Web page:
So the initial capital was extracted. Then it was time for the Marvari entrepreneur to invest in a promising business. In the second half of the 19th century, Marwari's main areas of investment were Comprador (export and import) trade and banking [ Bombay Gazetteervol. I, p. 206 - 302; Enthoven, 1990, vol. III, p. 425; Timberg, 1978, p. 49]. T. A. Timberg identified three types of marwari's profitable activity, the differences between which lie in the method of making profit and the structure of firms: broker firms; speculative, also known as dealer firms; large multi-industry firms (Timberg, 1978, p. 129). It should also be noted that the Marwari created" native " short-term lending banks on the basis of usurious savings [Mehta, 1966, p. 66].

In practice, it was very difficult to assign one or another successful Marwari businessman unambiguously to one or another type. Often these types were combined: "He [marwari] is not only a pawnbroker and general broker, but also a retailer and wholesaler of groceries, grain, and textiles" [Bombay Gazetteer, vol. XVIII, pt. 2, p. 99]. A firm with sufficient savings and connections served as a broker for a large company, making a profit under a commission agreement. A typical example is the brokerage activity of the firm Ruya, described by T. A. Timberg. In 1853, a Marwari businessman named Harnandraj Ruya of Ramgarh set up a firm in Bombay after retiring from the business of his four brothers. Initially, the firm was engaged in the opium trade. In 1883, his son Ramnarain became an opium broker for the company of a major Jewish businessman in Bombay, David J. Smith. Sassuna. In 1891, he expanded the business to become a guarantee broker for the cotton branch of the same company. His functions are described by T. A. Timberg as follows: "As a guarantee broker, he supported Sassoon's company by providing it with a loan of vol. In response, the company gave him the opportunity to offer customers whom he selected independently and who received the goods without prepayment. Obviously, for this he received a commission from all sales" [Timberg, 1978, p. 182].

The institution of a guaranteeing broker in India was quite widespread. In the event of failure of the transaction, such a broker was obliged to compensate the affected party for losses at the expense of his own funds, which, obviously, could be found due to the traditional connections of the Indian broker (primarily caste).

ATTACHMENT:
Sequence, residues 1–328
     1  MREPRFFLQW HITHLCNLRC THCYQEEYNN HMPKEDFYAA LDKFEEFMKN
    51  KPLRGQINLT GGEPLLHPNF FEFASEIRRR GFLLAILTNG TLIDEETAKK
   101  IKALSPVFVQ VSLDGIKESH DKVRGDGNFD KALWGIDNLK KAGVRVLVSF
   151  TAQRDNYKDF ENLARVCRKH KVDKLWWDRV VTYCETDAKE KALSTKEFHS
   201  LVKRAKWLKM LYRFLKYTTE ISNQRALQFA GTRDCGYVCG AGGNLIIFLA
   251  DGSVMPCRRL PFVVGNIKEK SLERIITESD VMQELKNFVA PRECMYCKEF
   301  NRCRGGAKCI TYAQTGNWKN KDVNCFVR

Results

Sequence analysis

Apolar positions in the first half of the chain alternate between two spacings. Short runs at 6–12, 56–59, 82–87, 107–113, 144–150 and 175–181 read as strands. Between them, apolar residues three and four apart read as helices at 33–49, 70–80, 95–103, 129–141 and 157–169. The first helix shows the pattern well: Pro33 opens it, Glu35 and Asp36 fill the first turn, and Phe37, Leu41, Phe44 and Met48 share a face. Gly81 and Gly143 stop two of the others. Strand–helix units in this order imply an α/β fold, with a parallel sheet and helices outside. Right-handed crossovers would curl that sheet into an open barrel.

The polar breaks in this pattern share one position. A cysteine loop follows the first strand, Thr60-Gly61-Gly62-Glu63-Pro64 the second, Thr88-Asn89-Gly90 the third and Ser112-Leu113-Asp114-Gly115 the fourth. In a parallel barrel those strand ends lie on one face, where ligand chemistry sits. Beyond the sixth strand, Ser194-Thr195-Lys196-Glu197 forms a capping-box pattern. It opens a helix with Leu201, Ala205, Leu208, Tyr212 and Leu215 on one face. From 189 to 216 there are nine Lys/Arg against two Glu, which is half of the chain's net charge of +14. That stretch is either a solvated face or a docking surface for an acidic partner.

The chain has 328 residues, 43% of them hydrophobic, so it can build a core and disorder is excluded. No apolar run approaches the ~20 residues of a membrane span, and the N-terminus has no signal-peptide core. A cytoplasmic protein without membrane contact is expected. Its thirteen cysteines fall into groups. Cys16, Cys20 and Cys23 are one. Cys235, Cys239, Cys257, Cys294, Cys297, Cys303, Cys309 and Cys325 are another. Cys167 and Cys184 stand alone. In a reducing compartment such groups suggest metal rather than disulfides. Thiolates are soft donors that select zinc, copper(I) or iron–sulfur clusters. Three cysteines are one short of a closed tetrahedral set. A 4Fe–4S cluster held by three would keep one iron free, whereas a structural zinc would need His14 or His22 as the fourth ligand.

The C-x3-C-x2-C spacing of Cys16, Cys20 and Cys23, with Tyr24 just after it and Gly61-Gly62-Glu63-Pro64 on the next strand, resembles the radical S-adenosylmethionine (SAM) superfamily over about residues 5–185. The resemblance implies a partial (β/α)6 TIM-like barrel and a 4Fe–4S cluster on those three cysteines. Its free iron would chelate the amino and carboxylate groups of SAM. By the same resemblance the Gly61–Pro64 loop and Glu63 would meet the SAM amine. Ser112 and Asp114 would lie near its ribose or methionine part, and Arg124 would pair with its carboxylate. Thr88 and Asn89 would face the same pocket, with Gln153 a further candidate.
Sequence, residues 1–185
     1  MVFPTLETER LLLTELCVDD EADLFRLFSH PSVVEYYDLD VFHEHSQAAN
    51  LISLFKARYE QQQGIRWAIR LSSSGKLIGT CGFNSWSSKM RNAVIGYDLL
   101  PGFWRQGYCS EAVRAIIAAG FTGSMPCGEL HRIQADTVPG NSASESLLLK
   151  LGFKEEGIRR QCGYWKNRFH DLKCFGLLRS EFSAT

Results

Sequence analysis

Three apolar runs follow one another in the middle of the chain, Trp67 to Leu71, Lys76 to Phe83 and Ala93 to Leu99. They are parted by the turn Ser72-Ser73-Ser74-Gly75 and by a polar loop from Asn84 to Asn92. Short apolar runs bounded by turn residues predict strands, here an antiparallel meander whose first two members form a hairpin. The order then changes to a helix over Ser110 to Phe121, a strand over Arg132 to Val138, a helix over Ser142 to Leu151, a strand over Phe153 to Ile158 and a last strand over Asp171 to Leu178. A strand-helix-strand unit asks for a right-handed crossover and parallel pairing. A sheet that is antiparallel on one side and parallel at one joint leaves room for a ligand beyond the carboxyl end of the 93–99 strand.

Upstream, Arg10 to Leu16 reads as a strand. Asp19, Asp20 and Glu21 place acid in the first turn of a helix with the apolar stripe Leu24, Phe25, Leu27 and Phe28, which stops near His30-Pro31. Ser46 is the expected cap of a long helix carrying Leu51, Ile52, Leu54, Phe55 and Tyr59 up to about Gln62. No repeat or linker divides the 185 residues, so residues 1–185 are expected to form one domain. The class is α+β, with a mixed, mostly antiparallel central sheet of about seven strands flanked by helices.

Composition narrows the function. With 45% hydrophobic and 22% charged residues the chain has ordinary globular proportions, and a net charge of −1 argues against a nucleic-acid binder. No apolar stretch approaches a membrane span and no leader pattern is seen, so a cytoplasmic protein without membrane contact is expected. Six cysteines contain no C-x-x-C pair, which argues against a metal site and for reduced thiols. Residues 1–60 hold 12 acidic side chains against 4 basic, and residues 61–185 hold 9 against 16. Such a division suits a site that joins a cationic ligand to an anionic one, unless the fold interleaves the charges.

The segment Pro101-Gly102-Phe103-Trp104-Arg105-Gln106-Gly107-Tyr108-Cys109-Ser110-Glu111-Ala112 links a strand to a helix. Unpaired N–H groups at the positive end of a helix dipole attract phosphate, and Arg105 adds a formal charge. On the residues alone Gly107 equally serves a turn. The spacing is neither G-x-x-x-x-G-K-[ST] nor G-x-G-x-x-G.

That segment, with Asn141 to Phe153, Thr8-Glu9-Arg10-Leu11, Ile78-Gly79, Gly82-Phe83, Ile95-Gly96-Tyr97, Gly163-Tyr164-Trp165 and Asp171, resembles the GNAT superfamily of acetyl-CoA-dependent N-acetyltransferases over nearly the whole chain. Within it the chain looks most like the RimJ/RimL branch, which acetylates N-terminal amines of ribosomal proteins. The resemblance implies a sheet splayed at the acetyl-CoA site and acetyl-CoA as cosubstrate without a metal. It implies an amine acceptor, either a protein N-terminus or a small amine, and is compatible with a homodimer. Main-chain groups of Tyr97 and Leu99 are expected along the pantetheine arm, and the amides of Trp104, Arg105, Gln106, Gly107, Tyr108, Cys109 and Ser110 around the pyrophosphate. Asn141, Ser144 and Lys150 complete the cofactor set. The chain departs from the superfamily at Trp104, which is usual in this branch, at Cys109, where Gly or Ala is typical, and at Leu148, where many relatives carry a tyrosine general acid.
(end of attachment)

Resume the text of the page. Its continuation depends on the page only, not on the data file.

Another typical example is the brokerage activity of the Marwari firm of Anandilal Poddar. Having started his activity in 1895-1896 as a broker of the Gujarati firm Kilachanda Devchanda, which traded grain, oilseeds and cotton, by 1919 he managed to become the leading broker of a large company "Toyo Menka Kaisha" - the main Japanese cotton exporter from India, also making a profit under a commission agreement [Timberg, 1978, p. 183 - 184]. As we can see, Marwari firms became brokers of both national and foreign companies. Acting as a broker, the marwari trader received a fixed profit under a commission agreement for the sale of a certain amount of goods (Timberg, 1978, p.182).

Often, Marwari firms that made large amounts of money became independent dealers and could represent not one, but several companies. Such firms bought goods at a certain price, and then, taking advantage of the narrowness of the domestic market, sold them at a much higher price. Their profit was the entire margin as the price difference. In fact, it was speculation that brought huge profits. The activities of Singhania businessmen are significant in this regard. The son of Marwari businessman Chheniram Singhania, Gulraj, became an opium broker for David J. Smith. Sassou-

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Then, having accumulated sufficient capital, he began to act as a dealer. Until 1873, he was a leading opium dealer in Bombay. His business prospered so much that in 1872 he made a profit of 2.75 million rupees (Timberg, 1978, p. 185).

In the second half of the 19th century, Bombay was widely used as a transit port for trade with the interior of India. It was not uncommon for large Marwari firms to take on the role of intermediaries, thus linking domestic and foreign trade. Marwari speculative firms were often owners of cotton gin plants, and at the same time they were buyers of cotton, representative agencies of export cotton companies [Timberg, 1978, p. 184]. The main inland areas with which Marwari trade from Bombay was conducted were Hyderabad, Gujarat, Sindh, the regions of Central India, including the Central Provinces and Vidarbha region, as well as eastern and southern Maharashtra (Timberg, 1978, p. 185).

The main marwari wholesale items in Maharashtra were grain, cotton, and local textiles [Bombay Gazetteer, vol. I, p. 206 - 302]. The Marwari wholesalers had a large cotton trade with Bombay. In 1865, the government's cotton commissioner for Bombay noted that cotton was brought from the villages to Nagpur, the largest cotton market, mainly by Marwari merchants. In Nagpur, this cotton is bought by large Marwari traders-exporters [Dantwalla, 1948, p. 71]. Marwari cotton buyers advanced farmers ' money and often bought their crops before they were ripe. The buyers sent cotton to their counterparts in Ahmadnagar, who were also representatives of the Marwari qasvol. Buyers received advances from these counterparties. Firms in Ahmadnagar and other major cities in Maharashtra sold cotton to British and Indian companies in Bombay [Bombay Gazetteer, vol. XVII, p. 343].